3D Printer Specifications
The most common 3d Printer types are:
|FDM:||Fused Deposition Modeling|
|SLS:||Selective Laser Sintering|
The majority of desktop 3d printers are FDM printers.
Specifies the maximum size of objects the printer can print. You still can build larger objects by printing multiple parts of the final object and then glue them together.
Specifies if the printer comes with a heated bed.
Heated bed is a warmed surface that keeps the base of the printed object from unwanted cooling and shrinking. Heated beds are usually built from glass, ceramics, or metal.
Using a heated bed you can usually get better quality builds with materials such as ABS and PLA.
Number of Nozzles
The number of nozzles the printer is shipped with. The "nozzle" or "extruder" is the part of the printer that heats up and extrudes the printing material. With a multinozzle printer, you can print multicolored objects.
Maximum number of Nozzles
Some printers can be extended with more nozzles then they are shipped with. This is the maximum number of nozzles the printer can operate with.
Specifies if the printer is fully assembled by the manufacturer, or if it is a Do It Yourself kit that requires further assembling.
The minimum layer thickness that the printer can lay down. The smaller the resolution number is, the better is the printing quality. The resolution also depends on the material used. The given resolution might not be possible with all materials.
Specifies the "Maximum Print Speed" as given by the manufacturer.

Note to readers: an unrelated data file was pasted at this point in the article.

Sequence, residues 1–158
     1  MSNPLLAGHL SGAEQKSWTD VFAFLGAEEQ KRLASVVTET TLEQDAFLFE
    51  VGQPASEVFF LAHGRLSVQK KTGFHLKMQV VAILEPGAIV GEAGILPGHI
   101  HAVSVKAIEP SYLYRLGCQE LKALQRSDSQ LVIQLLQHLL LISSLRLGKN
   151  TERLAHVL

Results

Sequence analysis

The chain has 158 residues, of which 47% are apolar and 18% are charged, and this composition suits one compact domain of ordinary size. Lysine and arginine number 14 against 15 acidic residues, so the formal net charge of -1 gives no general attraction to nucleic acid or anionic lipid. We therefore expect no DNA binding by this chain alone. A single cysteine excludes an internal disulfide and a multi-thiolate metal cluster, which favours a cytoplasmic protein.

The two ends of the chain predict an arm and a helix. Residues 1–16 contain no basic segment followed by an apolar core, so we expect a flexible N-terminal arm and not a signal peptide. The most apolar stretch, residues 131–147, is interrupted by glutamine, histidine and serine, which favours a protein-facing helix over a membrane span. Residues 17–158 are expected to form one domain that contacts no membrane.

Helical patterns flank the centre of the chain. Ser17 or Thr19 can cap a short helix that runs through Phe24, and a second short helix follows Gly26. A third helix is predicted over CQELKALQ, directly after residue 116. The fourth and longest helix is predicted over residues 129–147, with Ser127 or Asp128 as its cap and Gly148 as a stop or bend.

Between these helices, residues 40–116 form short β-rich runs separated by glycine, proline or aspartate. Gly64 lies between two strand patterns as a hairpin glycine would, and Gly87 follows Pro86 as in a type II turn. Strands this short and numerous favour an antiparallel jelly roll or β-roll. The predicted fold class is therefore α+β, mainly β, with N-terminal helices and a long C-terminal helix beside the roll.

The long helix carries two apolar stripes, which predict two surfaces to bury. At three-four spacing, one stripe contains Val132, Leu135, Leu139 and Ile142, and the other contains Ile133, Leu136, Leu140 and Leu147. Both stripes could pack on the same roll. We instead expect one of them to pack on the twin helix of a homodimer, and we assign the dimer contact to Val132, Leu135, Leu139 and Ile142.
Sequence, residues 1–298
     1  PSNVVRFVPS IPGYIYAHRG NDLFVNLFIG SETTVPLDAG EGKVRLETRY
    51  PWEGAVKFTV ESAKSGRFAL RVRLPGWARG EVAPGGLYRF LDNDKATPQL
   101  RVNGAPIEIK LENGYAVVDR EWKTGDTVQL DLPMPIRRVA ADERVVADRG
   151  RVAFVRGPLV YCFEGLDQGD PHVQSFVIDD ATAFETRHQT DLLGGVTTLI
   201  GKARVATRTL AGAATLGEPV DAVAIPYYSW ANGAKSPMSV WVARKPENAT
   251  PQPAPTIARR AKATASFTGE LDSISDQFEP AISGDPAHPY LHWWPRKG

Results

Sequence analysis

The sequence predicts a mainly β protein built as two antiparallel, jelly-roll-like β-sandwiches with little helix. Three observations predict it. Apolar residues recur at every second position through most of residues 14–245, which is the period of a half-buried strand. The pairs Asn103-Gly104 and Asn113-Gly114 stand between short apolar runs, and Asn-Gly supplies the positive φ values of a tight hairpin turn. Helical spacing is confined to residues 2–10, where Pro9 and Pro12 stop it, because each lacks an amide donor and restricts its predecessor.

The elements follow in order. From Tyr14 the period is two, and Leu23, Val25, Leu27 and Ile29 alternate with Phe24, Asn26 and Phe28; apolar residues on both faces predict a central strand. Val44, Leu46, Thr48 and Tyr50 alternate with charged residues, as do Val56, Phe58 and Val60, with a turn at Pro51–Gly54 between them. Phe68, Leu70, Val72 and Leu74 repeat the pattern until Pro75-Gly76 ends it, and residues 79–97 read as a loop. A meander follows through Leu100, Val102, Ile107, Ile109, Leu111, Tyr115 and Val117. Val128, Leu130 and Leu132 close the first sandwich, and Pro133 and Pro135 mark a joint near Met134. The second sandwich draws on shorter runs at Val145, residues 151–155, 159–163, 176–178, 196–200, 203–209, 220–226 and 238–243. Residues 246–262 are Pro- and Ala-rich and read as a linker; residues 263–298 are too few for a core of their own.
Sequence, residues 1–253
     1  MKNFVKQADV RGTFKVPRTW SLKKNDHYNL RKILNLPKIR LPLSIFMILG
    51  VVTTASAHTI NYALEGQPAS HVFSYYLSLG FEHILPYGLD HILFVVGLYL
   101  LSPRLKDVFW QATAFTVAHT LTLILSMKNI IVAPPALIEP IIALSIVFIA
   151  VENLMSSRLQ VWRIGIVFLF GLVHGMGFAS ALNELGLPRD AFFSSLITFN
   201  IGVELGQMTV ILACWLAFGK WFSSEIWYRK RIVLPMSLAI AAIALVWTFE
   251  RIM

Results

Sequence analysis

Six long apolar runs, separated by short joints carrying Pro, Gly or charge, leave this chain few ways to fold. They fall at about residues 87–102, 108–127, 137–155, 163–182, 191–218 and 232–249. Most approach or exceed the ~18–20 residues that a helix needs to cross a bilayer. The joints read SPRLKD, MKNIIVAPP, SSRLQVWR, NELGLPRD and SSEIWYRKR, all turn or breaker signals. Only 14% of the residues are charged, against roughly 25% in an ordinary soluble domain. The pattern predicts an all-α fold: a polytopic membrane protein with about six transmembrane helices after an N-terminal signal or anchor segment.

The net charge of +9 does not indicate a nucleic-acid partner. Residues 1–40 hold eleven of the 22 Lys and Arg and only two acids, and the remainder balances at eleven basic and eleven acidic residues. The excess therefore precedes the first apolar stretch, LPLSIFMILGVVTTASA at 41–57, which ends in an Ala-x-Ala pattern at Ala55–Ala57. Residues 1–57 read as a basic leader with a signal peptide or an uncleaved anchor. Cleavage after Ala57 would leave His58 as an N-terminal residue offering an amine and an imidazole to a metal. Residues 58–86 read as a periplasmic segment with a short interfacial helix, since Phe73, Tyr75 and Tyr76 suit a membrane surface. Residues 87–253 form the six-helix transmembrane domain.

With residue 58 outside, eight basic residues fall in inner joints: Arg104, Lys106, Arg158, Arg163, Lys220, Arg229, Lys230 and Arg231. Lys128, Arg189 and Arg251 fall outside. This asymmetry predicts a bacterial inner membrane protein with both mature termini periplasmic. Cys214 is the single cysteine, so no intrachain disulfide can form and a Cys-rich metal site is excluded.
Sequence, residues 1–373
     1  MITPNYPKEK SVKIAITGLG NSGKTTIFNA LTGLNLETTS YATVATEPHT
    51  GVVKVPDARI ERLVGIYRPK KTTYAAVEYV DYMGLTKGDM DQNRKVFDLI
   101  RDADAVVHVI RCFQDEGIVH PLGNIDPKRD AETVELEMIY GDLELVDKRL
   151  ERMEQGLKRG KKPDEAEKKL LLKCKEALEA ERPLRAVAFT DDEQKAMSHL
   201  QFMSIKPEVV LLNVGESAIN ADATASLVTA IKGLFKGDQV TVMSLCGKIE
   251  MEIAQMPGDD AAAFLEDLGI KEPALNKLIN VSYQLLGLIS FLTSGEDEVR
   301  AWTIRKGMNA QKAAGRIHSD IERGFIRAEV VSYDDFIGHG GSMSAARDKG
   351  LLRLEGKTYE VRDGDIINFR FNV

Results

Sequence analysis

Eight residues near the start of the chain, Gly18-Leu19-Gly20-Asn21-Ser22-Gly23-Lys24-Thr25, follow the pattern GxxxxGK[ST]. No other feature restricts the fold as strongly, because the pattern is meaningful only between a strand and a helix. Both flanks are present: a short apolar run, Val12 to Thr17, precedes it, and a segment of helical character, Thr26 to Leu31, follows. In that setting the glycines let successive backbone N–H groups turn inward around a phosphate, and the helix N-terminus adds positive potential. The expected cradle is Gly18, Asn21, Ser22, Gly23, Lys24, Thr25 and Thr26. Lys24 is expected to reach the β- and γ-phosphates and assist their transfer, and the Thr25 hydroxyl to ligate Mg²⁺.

This indicates how fast the print-head can move while it is laying down material. Sometimes also called the "maximum build speed". This maximum speed is usually not the speed at which you should print. The optimal print speed often is around 40 mm/s even when printers often can print at 150 mm/s or more.
The print speed is not to be confused with the "travel speed" which is the speed at which the print head can move while not extruding material. And also not to be confused with the "Print volume per second" which indicates how fast the printer can extrude material.
How long a print takes, very much depends on the model you are printing. For FDM printers, there is no formula that takes the size of an object and tells you how long it will take. Because the details of the object matter.
Specifies if the printer hardware is open source.
Specifies the diameter of the material the printer can use.
Common diameters are 1.75mm and 2.85mm.
Specifies the diameter of the nozzle the printer uses.
The nozzle diameter is not to be confused with the diameter of the filament.
The standard nozzle diameter is 0.4mm.
Specifies if the printer ships with software.
Some printers can also use open source sofware for 3D modeling. Popular open source programs are Cura, ReplicatorG and Repetier Host.
Specifies how the printer can be connected for printing and configuration. Common options are: